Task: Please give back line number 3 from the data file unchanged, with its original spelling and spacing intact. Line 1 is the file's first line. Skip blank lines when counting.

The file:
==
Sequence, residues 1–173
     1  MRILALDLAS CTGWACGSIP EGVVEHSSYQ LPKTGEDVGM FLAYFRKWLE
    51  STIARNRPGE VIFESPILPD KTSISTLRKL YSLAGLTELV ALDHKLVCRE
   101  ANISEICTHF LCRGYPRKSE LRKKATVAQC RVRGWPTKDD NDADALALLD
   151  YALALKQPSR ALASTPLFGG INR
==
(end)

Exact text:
    51  STIARNRPGE VIFESPILPD KTSISTLRKL YSLAGLTELV ALDHKLVCRE